Not only does the annual Food and Nutrition Conference and Expo, organized by the Academy of Nutrition and Dietetics offer educational sessions (on topics relating to food and nutrition science, business, entrepreneur, clinical nutrition, and food service) and a huge food product and service Expo, but it offers the opportunity to see a lot of people. As a member of the Academy, I am offered the incredible opportunity to meet and network with the largest group of nutrition professionals in the world.
I met a dietitian from Malaysia, who is the Country Representative for the American Overseas Dietetic Association. I met dietitians who work in television and have authored books. I met culinary dietitians who are chefs and provide innovative recipes to keep people healthy and satisfied with their diets. I met dietitians who make me laugh. I met “guy-a-titians” who represent <5% of our profession but are forging new territories (such as “how can I find a restroom around here?” – the men’s rooms in the convention hall are often taken over with a “women” sign). All of this diversity allows me access to more resources so that I can share more nutrition science with consumers.
It is so beneficial to belong to a professional association that connects you with thousands of colleagues across the nation. We have the opportunity to network with like minded professionals who are working in our niche by joining any one of over 25 Dietetic Practice Groups (DPG) that are offered. In addition, the Academy provides science-based position papers that support our practice by providing a summary of the available science on the topic.
In a world full of nutrition misinformation, it’s important to base our advice on science, not feelings or emotions. This is what separates us from the pseudo-professionals. So if you’re searching for sound diet, food, and nutrition advice, bookmark the Academy’s website and have access to the world’s largest group of nutrition professionals.
I just returned from the annual conference of the Academy of Nutrition and Dietetics. It was held in Atlanta this year, and I had a great time meeting up with colleagues and soaking in some of the latest food and nutrition facts. I’m planning on posting a few summaries over the next few weeks.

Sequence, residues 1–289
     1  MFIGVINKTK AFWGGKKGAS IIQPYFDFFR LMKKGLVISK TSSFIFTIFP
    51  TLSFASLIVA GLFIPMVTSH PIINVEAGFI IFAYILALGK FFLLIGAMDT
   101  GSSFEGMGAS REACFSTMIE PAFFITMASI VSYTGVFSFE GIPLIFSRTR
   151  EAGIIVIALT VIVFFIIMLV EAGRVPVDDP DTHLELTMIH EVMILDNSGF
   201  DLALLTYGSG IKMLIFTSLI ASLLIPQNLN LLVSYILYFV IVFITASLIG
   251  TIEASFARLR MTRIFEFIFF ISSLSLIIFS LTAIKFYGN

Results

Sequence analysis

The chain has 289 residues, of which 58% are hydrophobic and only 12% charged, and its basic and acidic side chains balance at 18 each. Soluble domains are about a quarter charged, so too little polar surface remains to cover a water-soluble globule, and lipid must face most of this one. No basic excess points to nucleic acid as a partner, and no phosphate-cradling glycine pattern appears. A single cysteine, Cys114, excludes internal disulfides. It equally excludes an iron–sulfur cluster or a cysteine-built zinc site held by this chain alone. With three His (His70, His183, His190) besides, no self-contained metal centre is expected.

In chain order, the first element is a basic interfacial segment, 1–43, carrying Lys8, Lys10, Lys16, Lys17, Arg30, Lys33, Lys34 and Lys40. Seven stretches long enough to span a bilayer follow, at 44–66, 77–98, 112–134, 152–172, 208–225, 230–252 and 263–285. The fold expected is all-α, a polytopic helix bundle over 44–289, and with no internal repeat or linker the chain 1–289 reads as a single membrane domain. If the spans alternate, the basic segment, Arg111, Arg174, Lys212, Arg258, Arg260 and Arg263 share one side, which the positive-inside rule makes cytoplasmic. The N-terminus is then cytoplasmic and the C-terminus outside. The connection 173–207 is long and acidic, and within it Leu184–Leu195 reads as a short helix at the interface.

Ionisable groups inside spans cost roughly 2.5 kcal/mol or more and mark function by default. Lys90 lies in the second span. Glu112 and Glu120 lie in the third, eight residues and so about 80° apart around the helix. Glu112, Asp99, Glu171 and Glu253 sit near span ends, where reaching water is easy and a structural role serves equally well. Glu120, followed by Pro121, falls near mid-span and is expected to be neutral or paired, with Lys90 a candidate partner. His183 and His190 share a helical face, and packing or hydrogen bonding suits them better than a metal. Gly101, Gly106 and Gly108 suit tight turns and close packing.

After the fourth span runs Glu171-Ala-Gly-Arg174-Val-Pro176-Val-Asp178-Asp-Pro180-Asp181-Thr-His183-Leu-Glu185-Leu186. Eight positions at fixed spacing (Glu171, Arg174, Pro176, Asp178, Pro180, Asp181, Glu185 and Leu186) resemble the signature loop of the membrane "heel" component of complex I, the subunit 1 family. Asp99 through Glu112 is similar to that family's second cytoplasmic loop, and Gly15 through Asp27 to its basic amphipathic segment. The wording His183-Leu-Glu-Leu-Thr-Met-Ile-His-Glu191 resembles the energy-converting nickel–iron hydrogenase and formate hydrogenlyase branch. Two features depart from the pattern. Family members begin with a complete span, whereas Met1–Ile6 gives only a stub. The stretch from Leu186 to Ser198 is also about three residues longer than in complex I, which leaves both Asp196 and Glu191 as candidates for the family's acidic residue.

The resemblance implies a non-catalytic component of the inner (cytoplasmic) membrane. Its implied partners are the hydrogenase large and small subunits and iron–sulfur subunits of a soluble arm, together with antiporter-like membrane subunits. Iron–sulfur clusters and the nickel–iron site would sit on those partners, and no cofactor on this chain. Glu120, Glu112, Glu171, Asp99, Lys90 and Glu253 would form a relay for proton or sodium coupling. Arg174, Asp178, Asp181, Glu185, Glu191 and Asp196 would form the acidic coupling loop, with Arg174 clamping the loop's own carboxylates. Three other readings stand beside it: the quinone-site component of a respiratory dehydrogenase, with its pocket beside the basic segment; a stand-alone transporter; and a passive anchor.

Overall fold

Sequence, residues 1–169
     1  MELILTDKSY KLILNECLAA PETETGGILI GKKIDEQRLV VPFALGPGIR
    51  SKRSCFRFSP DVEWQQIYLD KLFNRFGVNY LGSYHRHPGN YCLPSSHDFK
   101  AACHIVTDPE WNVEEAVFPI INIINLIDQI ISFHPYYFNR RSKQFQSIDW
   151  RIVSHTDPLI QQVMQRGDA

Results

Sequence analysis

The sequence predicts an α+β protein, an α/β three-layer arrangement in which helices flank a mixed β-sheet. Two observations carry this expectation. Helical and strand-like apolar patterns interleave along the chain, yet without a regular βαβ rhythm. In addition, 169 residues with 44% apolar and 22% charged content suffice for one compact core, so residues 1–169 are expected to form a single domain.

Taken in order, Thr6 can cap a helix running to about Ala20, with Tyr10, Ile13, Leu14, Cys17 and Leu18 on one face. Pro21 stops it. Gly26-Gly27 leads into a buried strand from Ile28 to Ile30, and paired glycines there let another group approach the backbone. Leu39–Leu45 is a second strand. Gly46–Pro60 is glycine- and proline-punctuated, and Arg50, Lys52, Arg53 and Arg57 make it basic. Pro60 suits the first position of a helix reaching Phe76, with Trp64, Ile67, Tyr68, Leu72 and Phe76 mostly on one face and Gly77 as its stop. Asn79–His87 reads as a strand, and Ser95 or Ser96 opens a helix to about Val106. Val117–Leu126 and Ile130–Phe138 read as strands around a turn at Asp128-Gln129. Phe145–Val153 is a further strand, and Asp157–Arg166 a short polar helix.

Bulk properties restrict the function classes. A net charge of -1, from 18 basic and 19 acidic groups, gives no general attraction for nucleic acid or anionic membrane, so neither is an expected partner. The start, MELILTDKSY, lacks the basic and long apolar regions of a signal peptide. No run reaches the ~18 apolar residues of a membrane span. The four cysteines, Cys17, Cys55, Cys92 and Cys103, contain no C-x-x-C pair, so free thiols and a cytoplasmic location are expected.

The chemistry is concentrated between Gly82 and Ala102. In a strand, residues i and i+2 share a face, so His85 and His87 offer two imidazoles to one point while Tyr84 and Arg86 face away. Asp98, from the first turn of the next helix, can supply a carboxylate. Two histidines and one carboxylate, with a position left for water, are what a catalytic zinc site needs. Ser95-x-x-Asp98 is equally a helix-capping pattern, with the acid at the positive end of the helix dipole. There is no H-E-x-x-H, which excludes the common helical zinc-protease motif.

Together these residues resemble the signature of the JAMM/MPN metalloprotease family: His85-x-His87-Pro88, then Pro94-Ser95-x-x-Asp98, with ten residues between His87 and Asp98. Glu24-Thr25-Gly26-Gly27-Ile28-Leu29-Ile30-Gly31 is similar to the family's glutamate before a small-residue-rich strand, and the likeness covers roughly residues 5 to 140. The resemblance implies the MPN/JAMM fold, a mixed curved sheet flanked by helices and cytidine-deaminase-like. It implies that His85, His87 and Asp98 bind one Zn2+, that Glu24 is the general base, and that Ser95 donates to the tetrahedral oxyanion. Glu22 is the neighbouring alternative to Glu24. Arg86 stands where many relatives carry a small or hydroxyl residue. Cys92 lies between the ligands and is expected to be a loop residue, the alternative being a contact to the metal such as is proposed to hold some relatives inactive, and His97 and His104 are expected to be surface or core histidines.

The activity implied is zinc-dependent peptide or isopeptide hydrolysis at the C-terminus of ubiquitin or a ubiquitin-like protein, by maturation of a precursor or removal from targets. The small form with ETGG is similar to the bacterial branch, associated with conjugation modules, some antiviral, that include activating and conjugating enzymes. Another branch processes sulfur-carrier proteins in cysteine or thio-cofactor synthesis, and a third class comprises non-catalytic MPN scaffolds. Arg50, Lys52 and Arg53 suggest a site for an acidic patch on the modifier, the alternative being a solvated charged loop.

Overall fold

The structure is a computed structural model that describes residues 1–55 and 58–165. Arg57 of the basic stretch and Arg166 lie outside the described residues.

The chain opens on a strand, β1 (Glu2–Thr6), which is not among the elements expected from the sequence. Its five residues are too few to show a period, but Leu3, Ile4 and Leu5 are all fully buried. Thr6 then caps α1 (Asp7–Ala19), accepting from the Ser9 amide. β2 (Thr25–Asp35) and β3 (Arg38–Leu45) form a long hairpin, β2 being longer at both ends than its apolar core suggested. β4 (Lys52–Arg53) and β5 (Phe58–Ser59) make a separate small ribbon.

One of the popular sessions covered plant protein. While there have been some clinical trials that have shown a high protein diet can promote weight loss in the short term, it’s important to consider your protein source and other risk factors.
Some epidemiological studies have linked a high protein intake to lower risk of high blood pressure, but the type of protein is important. Studies have also linked high intakes of animal protein with increased diabetes risk.
The DASH Diet is a plant-protein based diet. DASH recommends only 5-6 ounces or less of animal protein daily (plus 2-3 servings of low fat dairy), but encourage larger portions of plant proteins (vegetables and whole grains). Research supports the role of plant-based proteins as a partial replacement for animal protein to prevent disease. The DASH diet research did show that including low fat dairy daily lowered blood pressure more than just increasing vegetables and fruits alone. For more blood-pressure-lowering power, include some low fat dairy as your total daily protein.
So if you have a some friends who are “Paleo-obessed”, or are consuming large amounts of meat, you may consider sharing some other research news with them about the benefits of plant proteins. There is a vast amount of research about plant-based diets and heart health, so there’s no question that these principles are wise to follow:
- Add more plant protein to your diet: snack on small amounts of nuts, add nuts or seeds to green salads, include some whole grains in your diet, try some tofu or soy foods.
- Eat more vegetables. Veggies contribute protein, and also loads of important vitamins.